It was hard. It was tough. It was cold. He got yelled at a lot.
And that’s just basic training, retired Army Spc. Salvatore Cirifalco explained to Celia Roberts’ fifth-grade classroom at French Elementary School.
For the past eight Veterans Days, the school has been welcoming veterans by singing them songs, giving them a meal and listening to their stories.
More than 20 Las Vegas area veterans — including three from World War II — rotated through fourth- and fifth-grade classrooms in recognition of Veterans Day, which is Tuesday.
There was talk of the glamour of globe-trotting on the government’s dime, forging lifelong friendships, and how flying jets is just plain cool. But always in the background was the horror and high stakes of war.
“You need to know that it’s pretty rough and tough stuff,” retired Army Gen. Ashley Hall said. “What do you train for? You train to go to battle. That’s what you train for.”
Many of the veterans had been to the school for previous celebrations, said Joanna Bennett, a fourth- and fifth-grade teacher who helps coordinate the program.
“I think it really gives the students a good idea of what the service is like,” Bennett said. “They get to have hands-on knowledge from different wars and they get to see it’s not as glorified as it’s made out to be sometimes.”
How do you explain war to children?
“Would you let a bully come into this class?” Cirifalco asked the room during his presentation.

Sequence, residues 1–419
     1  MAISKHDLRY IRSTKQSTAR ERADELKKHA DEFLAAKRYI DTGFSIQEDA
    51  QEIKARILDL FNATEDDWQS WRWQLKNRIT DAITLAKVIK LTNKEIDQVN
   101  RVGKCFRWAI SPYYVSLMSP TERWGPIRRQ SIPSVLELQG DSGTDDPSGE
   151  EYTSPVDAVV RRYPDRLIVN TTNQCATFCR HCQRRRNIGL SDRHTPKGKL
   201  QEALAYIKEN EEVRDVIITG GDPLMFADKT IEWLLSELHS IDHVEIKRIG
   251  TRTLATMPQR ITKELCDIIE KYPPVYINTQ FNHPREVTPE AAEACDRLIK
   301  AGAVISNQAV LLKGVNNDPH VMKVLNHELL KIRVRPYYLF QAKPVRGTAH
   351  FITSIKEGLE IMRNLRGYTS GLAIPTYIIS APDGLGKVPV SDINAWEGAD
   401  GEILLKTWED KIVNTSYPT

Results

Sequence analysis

“Of course not.” Cirifalco nodded.
“When you’re grounded it takes away your what?” he asked.
Roberts’ classroom heard from seven veterans. The conversations between the fifth-graders and the soldiers was candid.
What was it like?
“Well I was 18 years old. I was very scared!” said 88-year-old Milton Duran, who was a rifleman with the Army’s 417th Regiment of the 76th Infantry Division during World War II. “You have to stick it out whether you are scared or not.”
Did the Germans in World War II have nice uniforms, too?
They did, Duran said. “They were our enemies, but they were good soldiers. Don’t kid yourselves.”
One girl said she’d heard women in the service weren’t allowed to leave military bases and she’d also heard they could. She didn’t know who to believe and with an active duty officer in front of her she saw a chance to get her answer.
“I have been deployed with many a woman,” Air Force Technical Sgt. Thomas McKnight said. “Don’t push a woman around. They’re just as tough.”
Contact Bethany Barnes at firstname.lastname@example.org or 702-477-3861. Find her on Twitter: @betsbarnes.